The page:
The evil stepmother stereotype is tired — at least, if one 24-year-old mom from Newport News, Virginia, has anything to say about it.
Audrey Loving met Corey Henry at age 18. The two got engaged and had a daughter, Riley, now 4 — but after several years of long distance and personal differences, their relationship came to an end. Since the two live in different states, Loving has full custody, but Henry remains involved in Riley’s life and often takes her on weekends.
When Henry began dating another woman, Loving was determined to take the high road. “I come from a blended family — I have stepsisters, half-sisters,” she told TODAY. “Growing up, I heard the negative talk about the ‘other woman,’ and I didn’t want my kid to hear the same thing … It’s not fair. Kids are smart.”
She also felt empathy for Whitney McGraw, the woman taking on the responsibility of a child who wasn’t her own. “It’s awkward for her too — dating someone with a kid,” she said. “I’m not interested in the baby mama drama … I welcomed her into my family with open arms.”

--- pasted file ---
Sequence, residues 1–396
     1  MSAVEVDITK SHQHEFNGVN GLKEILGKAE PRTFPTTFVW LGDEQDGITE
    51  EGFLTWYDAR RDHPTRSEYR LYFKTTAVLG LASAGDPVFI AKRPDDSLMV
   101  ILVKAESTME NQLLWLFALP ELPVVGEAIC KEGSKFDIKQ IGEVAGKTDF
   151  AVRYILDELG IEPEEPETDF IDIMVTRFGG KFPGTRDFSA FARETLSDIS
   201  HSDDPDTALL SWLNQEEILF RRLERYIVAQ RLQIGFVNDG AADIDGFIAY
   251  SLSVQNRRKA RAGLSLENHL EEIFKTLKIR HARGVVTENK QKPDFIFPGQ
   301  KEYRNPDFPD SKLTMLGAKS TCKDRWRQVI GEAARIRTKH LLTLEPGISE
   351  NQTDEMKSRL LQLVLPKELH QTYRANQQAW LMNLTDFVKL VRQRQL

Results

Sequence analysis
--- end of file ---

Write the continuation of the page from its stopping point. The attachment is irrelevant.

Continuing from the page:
Despite her good intentions, Loving says she was “a little crazy” when Riley first began spending time alone with the couple. “I would write a whole list for Whitney. Things like, ‘Don’t leave her in the bathroom,’” she said with a laugh.
“Whitney would send me pictures and keep me updated," she recalled. "One night I sent her a text saying, ‘You know, I’m extremely thankful for you.’”
Loving shared a similar sentiment on the Love What Matters Facebook page, encouraging others to set an example of love and kindness. At publishing time, the post had nearly 70,000 likes and 9,000 shares.
“Of course it’s hard,” Loving said of sharing her daughter. “You have a kid and your mama bear comes out. But the fact that someone’s there loving my daughter … I’m at peace knowing she’s being taken care of. The more people that love your kid, the better.”
Loving has since received about 5,000 messages from others working through similar situations. While she can't respond to everyone, she has some good advice for us all.
“Just be a grown-up and put the kid first,” she said. “Teach the kid love.”